Something awful dating

“I remember thinking, at least we’re meeting for coffee and not some fancy dinner,” she said.

Seventeen years later, two Stanford classmates, Sophia Sterling-Angus and Liam Mc Gregor, landed on a similar concept while taking an economics class on market design.

They’d seen how overwhelming choice impacted their classmates’ love lives and felt certain it led to “worse outcomes.” “Tinder’s huge innovation was that they eliminated rejection, but they introduced massive search costs,” Mc Gregor explained.

They’ve run the experiment two years in a row, and last year, 7,600 students participated: 4,600 at Stanford, or just over half the undergraduate population, and 3,000 at Oxford, which the creators chose as a second location because Sterling-Angus had studied abroad there.

“There were videos on Snapchat of people freaking out in their freshman dorms, just screaming,” Sterling-Angus said.

The idea was to match people not based solely on similarities (unless that’s what a participant values in a relationship), but on complex compatibility questions.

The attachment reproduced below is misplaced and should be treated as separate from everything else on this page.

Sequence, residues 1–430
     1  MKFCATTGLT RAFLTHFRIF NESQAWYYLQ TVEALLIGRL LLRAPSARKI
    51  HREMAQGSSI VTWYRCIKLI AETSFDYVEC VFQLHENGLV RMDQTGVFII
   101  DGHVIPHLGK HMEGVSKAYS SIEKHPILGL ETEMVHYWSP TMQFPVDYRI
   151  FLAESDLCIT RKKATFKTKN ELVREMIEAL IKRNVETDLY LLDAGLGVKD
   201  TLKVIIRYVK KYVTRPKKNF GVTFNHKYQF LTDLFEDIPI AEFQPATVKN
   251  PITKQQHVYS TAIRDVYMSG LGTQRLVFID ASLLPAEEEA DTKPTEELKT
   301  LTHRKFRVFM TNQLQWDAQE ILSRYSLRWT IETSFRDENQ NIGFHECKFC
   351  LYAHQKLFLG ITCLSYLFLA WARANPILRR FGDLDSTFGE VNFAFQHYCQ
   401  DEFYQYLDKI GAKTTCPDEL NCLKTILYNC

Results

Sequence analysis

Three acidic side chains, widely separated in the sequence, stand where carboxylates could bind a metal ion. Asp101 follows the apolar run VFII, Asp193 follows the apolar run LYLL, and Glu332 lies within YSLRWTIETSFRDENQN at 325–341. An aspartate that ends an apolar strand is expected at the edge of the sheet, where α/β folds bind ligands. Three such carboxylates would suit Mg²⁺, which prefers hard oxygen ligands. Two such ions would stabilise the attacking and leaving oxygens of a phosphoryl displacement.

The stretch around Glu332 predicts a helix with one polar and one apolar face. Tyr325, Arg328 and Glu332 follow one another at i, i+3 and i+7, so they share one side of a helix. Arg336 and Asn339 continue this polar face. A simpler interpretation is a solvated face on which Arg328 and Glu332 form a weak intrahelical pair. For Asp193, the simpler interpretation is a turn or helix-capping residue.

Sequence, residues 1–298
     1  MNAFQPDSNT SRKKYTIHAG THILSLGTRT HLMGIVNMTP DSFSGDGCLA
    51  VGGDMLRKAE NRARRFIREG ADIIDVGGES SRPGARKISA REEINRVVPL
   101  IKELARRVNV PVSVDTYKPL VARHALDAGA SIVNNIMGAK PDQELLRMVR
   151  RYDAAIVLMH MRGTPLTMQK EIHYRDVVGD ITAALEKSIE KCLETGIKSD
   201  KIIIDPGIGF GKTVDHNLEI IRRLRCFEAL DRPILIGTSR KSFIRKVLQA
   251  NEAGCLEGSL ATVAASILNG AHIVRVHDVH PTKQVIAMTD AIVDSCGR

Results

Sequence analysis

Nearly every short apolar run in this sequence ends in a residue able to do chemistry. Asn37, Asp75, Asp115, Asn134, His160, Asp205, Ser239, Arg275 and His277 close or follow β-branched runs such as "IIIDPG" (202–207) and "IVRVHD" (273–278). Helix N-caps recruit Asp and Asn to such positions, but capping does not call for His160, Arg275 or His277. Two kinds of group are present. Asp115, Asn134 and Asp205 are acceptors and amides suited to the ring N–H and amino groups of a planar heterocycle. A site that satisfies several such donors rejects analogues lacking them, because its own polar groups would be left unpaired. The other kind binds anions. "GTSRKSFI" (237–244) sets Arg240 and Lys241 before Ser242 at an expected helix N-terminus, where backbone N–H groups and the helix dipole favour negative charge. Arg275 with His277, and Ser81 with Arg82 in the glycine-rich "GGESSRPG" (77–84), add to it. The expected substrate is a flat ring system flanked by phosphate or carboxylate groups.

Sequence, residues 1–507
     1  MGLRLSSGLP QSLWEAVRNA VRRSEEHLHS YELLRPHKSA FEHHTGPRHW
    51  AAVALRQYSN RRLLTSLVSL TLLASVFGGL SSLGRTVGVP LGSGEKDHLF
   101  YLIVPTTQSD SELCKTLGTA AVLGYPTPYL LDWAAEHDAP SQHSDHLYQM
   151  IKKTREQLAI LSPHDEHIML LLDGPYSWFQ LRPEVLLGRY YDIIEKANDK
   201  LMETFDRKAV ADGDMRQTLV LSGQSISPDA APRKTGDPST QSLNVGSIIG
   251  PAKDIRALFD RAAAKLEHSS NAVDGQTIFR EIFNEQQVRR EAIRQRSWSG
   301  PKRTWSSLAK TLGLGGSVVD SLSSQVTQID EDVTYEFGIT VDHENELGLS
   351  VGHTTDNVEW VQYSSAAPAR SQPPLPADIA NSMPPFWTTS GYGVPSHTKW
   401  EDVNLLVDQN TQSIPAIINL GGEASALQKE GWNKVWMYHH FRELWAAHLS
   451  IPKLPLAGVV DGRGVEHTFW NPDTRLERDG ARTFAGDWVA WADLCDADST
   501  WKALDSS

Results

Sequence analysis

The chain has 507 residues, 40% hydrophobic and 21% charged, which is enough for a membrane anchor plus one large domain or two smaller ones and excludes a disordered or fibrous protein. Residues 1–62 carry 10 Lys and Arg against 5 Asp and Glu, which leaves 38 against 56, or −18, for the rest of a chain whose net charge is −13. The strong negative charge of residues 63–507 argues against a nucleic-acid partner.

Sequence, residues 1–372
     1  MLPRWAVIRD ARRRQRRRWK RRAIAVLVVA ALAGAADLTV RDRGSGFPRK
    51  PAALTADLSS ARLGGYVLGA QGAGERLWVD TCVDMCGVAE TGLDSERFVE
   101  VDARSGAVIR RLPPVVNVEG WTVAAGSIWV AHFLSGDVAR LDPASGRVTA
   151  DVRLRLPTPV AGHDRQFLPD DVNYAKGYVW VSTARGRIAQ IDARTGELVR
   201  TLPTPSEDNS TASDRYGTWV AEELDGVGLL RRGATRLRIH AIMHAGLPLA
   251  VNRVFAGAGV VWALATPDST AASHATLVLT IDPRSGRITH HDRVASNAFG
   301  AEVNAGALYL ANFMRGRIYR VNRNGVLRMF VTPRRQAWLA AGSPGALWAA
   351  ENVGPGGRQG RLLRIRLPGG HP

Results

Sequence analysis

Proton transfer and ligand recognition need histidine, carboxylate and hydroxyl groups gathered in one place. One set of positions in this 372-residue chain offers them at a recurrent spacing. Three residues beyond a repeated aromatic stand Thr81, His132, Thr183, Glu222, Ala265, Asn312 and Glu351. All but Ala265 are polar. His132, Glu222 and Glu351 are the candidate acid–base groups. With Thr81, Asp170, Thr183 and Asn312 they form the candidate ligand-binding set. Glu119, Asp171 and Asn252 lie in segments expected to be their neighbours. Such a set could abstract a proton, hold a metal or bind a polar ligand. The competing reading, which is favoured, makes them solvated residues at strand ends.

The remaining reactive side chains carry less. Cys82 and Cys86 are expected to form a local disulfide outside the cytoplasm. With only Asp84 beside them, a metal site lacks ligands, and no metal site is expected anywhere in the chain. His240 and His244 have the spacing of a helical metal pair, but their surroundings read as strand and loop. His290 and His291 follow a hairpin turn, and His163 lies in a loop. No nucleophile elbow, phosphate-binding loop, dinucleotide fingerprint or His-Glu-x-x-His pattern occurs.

Each person would fill out a detailed survey, and the algorithm would compare their responses to everyone else’s, using a learned compatibility model to assign a “compatibility score.” It then made the best one-to-one pairings possible — giving each person the best match it could — while also doing the same for everyone else.And while “marriage pacts” have probably long been informally invoked, they’d never been powered by an algorithm.What started as Sterling-Angus and Mc Gregor’s minor class project quickly became a viral phenomenon on campus.Now there was a person sitting down across from her, and she felt both excited and anxious.The quiz that had brought them together was part of a multi-year study called the Marriage Pact, created by two Stanford students.If you’re spending 50 years with someone, I think you get past their height.” The pair quickly realized that selling long-term partnership to college students wouldn’t work.

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